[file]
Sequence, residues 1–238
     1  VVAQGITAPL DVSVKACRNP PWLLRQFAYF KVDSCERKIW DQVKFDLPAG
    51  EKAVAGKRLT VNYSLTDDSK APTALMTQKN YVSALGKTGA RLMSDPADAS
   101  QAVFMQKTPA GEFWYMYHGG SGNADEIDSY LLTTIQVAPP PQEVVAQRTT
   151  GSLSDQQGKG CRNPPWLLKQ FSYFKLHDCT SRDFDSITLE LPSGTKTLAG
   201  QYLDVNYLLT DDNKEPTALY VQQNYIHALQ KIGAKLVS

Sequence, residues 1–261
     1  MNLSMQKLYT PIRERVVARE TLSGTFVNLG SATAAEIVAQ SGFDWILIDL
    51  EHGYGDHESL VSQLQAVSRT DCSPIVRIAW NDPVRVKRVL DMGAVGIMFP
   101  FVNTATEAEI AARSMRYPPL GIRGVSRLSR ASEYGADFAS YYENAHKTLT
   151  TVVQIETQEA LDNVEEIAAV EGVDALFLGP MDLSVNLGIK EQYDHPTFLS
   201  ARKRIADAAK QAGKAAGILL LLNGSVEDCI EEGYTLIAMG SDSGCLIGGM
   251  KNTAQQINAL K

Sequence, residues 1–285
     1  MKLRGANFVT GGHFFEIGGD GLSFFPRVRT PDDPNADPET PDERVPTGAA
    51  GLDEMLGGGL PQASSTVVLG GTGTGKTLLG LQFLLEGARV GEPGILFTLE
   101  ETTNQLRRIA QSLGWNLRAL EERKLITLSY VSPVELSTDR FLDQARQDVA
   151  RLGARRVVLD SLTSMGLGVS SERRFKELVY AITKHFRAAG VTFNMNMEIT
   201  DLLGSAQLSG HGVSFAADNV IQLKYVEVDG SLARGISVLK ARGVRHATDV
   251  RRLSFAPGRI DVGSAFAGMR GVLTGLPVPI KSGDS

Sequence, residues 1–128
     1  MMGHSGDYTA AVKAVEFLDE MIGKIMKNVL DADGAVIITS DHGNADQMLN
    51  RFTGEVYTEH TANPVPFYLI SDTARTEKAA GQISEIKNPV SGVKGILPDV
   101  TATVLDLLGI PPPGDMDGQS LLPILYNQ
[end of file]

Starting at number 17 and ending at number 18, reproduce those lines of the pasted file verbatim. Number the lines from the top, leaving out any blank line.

   101  ETTNQLRRIA QSLGWNLRAL EERKLITLSY VSPVELSTDR FLDQARQDVA
   151  RLGARRVVLD SLTSMGLGVS SERRFKELVY AITKHFRAAG VTFNMNMEIT